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Official Review by Lee Thurston, Stadium Journey Regional Correspondent
Doncaster Rovers were formed in 1879 and turned professional in 1885. For much of their existence they played their football at Belle Vue, which in 1995, was at the centre of one of football's strangest stories when then chairman Ken Richardson hired a former SAS man to burn down the ground in an insurance scam that went horribly wrong. The resulting police enquiry saw the chairman jailed for four years.
The Rovers (as they are known to their fans) played their last game at Belle Vue in December 2006 before moving to the purpose-built Keepmoat Stadium, a 15,000 seater stadium which also hosts the games of Doncaster Rugby League Club.
Like many of the modern purpose built stadiums in England, the Keepmoat is comfortable and well equipped, but lacks soul.
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Each area is rated from 0 to 5 stars with 5 being the best. The overall composite score is the "FANFARE Score".
The food and beverage offering is totally standard in every aspect. Burgers, hot dogs, crisps, chocolate and flat beer served in plastic pints to be enjoyed underneath RSJ's and breezeblocks. There's plenty of fast food vans that park up on the nearby streets on match days which offer a bigger selection of food than can be found inside the ground but it's probably best if you eat before you head to the match.
Despite having a capacity of only 15,000, the Keepmoat is rarely full and attracts crowds of around 10,000 for most home games. But when you consider Doncaster have spent the majority of their playing history between the third and fourth tiers of the English football league system and have never appeared in the top flight, this is hardly surprising.
The home fans have a drummer that seems to attend every home game. Who on earth goes to a football match and wants to listen to someone whacking a large percussion instrument for 90 minutes? In spite of this tub-thumper, the Rovers fans make a decent attempt at producing noise.
The Keepmoat Stadium may sit next to a nice lake, but it's also next to an uninspiring retail park, 2 miles out of the city centre. The journey from the city to the ground is uninspiring to say the least. It's worth noting, especially if you're planning a night out in town after the game, that Doncaster was once dubbed the "HIV capital of the North". It's not totally horrific though. When in Doncaster you could visit Doncaster Dome which is one of the UK's top 5 Sports and Leisure attractions and offers many types of entertainment, including swimming, ice skating and rock climbing. Then of course, there's the Trolleybus Museum, home to the world's largest collection of preserved Trolleybuses. "What's a trolleybus" I hear you ask? Exactly.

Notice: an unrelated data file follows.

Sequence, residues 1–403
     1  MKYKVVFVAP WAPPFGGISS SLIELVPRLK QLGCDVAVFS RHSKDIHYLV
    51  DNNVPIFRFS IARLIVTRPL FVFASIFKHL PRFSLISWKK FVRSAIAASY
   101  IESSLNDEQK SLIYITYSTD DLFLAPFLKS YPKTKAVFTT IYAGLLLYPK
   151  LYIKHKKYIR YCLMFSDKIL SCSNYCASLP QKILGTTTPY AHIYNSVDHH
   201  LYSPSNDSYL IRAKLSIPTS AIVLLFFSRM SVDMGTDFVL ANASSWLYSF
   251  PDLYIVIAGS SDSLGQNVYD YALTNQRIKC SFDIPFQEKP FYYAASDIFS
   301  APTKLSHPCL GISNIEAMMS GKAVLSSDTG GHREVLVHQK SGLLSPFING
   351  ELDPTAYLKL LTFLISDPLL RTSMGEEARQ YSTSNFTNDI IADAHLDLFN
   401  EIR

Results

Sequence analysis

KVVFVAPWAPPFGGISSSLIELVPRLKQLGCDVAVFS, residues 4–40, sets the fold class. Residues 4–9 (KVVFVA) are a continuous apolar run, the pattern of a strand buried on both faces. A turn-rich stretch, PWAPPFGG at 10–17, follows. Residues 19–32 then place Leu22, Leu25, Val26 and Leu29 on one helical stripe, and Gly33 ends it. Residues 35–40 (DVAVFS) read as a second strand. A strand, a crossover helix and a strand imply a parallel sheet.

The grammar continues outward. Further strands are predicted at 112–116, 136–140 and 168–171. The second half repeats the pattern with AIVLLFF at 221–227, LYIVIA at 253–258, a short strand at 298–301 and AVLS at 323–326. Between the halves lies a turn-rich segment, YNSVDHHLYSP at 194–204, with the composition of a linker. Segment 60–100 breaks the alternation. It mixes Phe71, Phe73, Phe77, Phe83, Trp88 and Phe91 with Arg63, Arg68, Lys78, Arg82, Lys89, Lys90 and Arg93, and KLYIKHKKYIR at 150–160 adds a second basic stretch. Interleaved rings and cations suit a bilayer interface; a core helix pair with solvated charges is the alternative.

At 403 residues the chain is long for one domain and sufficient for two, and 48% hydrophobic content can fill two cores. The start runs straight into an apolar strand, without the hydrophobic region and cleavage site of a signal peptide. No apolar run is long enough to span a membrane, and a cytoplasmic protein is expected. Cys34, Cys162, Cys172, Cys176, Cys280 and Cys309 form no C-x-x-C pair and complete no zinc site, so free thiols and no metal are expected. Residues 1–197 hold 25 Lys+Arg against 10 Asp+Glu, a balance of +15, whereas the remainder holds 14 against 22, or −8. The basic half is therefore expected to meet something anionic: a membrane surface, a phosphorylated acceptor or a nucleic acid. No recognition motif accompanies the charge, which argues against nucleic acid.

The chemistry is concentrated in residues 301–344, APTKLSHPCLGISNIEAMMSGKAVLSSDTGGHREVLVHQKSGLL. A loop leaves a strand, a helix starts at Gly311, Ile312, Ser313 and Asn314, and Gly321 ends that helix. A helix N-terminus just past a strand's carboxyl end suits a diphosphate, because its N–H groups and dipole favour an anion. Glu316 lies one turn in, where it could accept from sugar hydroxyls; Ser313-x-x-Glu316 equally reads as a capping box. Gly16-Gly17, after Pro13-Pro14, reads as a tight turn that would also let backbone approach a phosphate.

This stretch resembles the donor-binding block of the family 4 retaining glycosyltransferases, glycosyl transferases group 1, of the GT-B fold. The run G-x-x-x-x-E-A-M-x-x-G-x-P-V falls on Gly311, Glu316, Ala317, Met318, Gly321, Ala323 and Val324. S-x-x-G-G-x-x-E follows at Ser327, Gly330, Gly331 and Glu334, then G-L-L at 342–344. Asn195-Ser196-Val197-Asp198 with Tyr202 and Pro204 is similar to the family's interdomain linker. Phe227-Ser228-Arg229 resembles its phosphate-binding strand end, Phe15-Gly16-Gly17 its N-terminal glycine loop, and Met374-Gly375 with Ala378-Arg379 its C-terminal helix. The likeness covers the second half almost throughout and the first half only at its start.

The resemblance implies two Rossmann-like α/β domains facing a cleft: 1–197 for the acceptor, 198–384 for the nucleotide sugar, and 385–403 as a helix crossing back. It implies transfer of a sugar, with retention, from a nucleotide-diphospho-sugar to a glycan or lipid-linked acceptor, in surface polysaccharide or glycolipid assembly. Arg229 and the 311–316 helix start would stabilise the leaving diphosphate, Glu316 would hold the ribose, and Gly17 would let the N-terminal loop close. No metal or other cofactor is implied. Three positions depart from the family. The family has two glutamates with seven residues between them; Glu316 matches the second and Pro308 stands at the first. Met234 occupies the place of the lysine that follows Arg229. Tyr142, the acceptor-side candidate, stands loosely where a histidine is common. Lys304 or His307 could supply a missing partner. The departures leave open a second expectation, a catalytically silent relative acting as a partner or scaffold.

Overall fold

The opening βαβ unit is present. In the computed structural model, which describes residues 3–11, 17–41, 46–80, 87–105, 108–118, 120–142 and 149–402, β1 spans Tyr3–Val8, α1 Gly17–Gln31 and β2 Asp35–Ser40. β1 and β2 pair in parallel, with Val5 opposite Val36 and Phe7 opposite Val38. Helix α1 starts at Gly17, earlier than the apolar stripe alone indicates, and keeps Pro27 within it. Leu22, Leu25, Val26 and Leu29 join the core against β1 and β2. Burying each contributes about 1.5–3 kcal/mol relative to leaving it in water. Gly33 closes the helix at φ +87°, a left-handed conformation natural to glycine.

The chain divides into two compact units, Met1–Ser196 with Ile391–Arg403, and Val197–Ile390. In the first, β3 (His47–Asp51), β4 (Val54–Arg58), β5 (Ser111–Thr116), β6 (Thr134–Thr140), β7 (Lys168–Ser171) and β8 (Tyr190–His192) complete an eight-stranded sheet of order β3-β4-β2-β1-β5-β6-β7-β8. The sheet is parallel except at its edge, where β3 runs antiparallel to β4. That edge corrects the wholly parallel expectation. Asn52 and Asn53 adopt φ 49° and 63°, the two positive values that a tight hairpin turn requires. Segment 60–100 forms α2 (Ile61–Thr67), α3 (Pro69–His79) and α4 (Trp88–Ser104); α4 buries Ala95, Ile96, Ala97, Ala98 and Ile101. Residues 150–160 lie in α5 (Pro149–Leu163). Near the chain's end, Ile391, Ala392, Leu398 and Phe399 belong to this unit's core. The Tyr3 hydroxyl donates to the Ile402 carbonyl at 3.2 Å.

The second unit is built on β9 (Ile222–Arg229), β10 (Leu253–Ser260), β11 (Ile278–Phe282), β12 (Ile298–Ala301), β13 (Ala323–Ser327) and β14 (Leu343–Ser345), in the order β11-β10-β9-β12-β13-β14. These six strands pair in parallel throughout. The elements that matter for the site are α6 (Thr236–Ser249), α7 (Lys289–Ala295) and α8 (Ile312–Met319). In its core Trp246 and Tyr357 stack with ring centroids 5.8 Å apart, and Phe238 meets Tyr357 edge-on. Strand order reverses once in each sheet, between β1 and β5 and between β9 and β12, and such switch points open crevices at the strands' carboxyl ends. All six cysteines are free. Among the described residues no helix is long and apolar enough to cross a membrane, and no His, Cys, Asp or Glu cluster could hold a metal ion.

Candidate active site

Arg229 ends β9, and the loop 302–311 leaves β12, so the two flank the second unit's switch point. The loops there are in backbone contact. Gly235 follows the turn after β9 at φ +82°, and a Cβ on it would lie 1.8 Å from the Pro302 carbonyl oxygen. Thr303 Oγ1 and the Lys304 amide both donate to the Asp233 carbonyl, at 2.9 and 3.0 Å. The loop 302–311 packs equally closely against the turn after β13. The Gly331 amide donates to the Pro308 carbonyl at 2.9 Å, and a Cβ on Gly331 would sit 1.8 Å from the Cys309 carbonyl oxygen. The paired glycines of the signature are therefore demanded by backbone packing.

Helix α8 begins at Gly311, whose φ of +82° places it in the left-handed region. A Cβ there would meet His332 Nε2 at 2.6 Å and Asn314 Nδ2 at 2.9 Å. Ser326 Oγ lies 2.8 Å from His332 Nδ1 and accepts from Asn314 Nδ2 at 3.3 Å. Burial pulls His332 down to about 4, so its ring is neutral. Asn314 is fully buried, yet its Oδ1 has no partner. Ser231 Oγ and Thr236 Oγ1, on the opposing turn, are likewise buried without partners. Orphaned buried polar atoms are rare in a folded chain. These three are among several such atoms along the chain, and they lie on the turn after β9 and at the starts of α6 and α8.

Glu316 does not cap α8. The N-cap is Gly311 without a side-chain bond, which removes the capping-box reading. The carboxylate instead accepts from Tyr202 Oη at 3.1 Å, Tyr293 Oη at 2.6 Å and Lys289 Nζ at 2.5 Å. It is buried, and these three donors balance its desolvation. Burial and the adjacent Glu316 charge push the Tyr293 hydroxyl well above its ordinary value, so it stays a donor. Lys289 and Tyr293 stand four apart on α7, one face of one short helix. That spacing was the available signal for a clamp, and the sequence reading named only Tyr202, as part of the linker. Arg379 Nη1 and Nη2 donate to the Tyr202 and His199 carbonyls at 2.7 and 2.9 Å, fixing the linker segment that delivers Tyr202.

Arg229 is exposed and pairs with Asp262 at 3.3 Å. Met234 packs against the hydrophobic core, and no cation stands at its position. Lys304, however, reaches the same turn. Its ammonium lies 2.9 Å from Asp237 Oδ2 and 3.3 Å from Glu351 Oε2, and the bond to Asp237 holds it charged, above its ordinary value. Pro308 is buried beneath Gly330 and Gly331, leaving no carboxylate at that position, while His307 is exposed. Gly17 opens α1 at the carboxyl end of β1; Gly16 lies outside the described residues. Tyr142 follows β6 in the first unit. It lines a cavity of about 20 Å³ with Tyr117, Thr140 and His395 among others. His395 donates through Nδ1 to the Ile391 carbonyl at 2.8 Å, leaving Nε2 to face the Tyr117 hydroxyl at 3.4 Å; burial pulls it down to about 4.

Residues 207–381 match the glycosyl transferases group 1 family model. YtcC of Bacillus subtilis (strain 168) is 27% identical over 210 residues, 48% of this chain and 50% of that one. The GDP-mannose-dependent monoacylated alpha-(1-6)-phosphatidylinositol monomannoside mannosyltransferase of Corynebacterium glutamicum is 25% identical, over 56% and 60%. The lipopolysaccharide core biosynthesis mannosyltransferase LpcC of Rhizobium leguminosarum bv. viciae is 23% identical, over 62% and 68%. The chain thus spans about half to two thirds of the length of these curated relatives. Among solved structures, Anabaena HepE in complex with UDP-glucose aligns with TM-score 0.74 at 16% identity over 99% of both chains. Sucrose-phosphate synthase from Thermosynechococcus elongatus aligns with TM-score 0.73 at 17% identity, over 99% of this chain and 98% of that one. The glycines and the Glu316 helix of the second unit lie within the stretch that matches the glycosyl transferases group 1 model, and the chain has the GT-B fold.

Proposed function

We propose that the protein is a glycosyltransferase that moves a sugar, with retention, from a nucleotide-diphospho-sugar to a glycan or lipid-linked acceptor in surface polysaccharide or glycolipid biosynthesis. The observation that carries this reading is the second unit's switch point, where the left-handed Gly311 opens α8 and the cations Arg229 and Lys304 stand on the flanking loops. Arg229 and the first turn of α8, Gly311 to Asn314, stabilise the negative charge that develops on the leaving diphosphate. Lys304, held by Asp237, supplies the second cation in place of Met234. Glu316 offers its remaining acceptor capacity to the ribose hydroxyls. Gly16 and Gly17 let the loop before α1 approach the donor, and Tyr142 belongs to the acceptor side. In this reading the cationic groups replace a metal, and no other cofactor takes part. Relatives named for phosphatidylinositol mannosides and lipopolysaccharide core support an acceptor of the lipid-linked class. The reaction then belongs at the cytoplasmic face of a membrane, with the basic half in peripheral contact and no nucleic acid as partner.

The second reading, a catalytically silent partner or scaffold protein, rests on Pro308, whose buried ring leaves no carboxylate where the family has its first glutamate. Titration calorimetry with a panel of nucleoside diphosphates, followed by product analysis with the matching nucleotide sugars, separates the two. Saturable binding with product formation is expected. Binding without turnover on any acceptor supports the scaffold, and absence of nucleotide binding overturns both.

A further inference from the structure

There's not many of them and they may not make a lot of noise but they're a knowledgeable and passionate bunch. 800 or so of them regularly turn up for an annual pre-season friendly at a local non league site and they follow their team around the country in reasonable numbers. Also, apparently the famous UK magician and rabbit-botherer Paul Daniels has a soft spot for the Rovers. Not a lot of people know that.
Official car-parking at the stadium is limited so visitors may be better using the private car-parks or park on the roads nearby, of which there are plenty. The Train station is about 2 miles from the ground so a taxi or bus is probably the best bet if you're on foot. There is an airport close by (Robin Hood) but no-one's seriously going to fly to watch Doncaster Rovers, are they?
At Ł27 per adult ticket, a trip to the Keepmoat represents reasonable value to watch 2nd tier English football and whilst the atmosphere may not make the hairs on the back of your neck stand up, you're almost guaranteed a pleasant and comfortable seat in which to watch football.
The usual offerings are present to enhance your experience at the Keepmoat, namely; a club shop selling Rovers merchandise and vendors selling matchday programmes. Recently the Keepmoat has staged concerts by popstars and has hosted semi-finals of the Rugby League Challenge Cup.
There is also a mini-stadium situated beside the Keepmoat. This features a six-lane running track and a small grandstand and the pitch is used by Doncaster Rovers Belles, Doncaster Rovers reserves, Doncaster Athletics Club, Doncaster Rugby League's academy team, and the Doncaster Mustangs American football team. This miniature Keepmoat has been picked as a potential training venue for athletes training in athletics for the 2012 Summer Olympics in London.
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